Can low-cost online laboratories substitute for traditional survey platforms? The rise of Amazon MTurk and other online survey tools have helped lower the costs to social scientists conducting experimental and other survey-based studies. Recent findings suggest that MTurk, in terms of subject pool demographics, is broadly comparable to the American National Elections Study (ANES) and Current Population Survey (CPS), often considered the “gold standard” for convenience samples.
Unlike all of these platforms, the Harvard Digital Lab for the Social Sciences (DLABSS) is completely voluntary, meaning research subjects are not directly financially compensated for completing surveys. One question that immediately arises in this volunteer-based setting is what types of people select into DLABSS. How does the DLABSS volunteer community compare demographically to respondents in each of the above survey modalities? To address this question, we collected key demographic data on the DLABSS volunteer pool and compared it to results from MTurk, ANES, and CPS.
The results are presented in Table 1 below. Standard errors are reported in parentheses.
Broadly speaking, while the sample obtained from DLABSS is only a fraction of the overall volunteer pool, respondents are very similar to those from both online and offline survey platforms. On average the DLABSS sample is demographically closer to ANESP (a 2008-2009 ANES panel study) for gender, education, age, marital status and housing status than MTurk, another digital survey platform. On the other hand, DLABSS respondents were on average less wealthy than MTurk workers. In addition, it appears this DLABSS sample may be slightly regionally biased towards the northeast part of the United States.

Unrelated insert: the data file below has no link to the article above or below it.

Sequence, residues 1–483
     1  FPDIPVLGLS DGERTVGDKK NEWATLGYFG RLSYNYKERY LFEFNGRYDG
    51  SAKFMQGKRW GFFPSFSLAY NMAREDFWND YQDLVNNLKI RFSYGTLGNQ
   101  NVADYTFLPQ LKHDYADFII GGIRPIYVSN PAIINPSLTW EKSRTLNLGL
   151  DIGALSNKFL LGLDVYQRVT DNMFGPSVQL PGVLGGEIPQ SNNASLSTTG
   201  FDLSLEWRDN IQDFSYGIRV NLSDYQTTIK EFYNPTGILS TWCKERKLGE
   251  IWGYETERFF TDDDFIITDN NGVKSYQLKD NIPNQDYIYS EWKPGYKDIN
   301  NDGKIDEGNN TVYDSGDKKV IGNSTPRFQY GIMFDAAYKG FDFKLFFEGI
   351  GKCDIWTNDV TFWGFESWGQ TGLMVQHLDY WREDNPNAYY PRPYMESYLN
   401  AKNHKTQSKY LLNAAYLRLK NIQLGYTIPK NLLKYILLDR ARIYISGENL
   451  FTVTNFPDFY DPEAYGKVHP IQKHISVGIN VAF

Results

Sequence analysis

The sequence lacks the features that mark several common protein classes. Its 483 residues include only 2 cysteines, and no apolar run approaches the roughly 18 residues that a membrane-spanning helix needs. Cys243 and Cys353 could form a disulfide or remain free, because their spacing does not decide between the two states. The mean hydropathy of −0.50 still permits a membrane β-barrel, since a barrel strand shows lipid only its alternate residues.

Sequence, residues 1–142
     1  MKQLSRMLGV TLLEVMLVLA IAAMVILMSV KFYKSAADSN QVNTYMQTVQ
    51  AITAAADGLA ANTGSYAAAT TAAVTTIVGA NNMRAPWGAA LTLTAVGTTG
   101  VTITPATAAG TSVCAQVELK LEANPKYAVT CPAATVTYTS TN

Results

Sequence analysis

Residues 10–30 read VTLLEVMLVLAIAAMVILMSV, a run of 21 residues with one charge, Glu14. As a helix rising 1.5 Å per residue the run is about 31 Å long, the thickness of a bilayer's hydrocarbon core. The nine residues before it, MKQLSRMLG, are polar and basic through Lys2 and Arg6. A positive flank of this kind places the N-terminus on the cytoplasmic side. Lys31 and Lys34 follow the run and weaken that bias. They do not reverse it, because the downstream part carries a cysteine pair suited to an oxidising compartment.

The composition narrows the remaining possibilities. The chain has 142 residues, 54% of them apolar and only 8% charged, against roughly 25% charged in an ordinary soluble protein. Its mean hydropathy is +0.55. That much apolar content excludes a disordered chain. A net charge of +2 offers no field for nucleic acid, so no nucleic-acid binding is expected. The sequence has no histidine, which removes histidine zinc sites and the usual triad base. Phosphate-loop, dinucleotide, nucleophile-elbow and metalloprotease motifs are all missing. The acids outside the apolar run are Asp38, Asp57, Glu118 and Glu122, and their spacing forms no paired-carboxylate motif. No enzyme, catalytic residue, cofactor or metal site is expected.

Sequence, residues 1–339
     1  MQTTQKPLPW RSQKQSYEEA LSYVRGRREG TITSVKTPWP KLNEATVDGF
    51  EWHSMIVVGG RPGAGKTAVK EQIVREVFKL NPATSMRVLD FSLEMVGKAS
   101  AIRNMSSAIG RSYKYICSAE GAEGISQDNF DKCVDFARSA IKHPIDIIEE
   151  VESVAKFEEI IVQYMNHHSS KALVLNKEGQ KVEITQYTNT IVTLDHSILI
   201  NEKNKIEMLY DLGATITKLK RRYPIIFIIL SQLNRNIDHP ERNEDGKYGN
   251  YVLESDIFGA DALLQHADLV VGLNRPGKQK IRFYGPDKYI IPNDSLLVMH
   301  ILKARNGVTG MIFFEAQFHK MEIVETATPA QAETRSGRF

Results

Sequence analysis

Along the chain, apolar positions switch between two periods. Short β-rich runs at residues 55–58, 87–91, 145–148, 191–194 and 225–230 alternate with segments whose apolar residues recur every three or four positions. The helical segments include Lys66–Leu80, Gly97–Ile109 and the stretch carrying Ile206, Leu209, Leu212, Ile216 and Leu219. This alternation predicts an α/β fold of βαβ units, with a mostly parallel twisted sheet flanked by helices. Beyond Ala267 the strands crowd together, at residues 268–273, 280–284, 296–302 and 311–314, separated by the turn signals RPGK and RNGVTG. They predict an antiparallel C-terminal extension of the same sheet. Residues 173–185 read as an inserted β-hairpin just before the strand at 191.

In addition, we find that DLABSS includes a lower share of white respondents relative to all other survey platforms considered here. We think greater representation of non-majority demographic groups—across race as well as political ideology-- is a potentially promising avenue for volunteer labs such as ours which are able to structurally tailor the underlying demographic composition of the sample pool .
In the coming weeks, we will publish a series of blog posts that build off these descriptive results and further explore the promises and limitations of volunteer labs as a social science tool.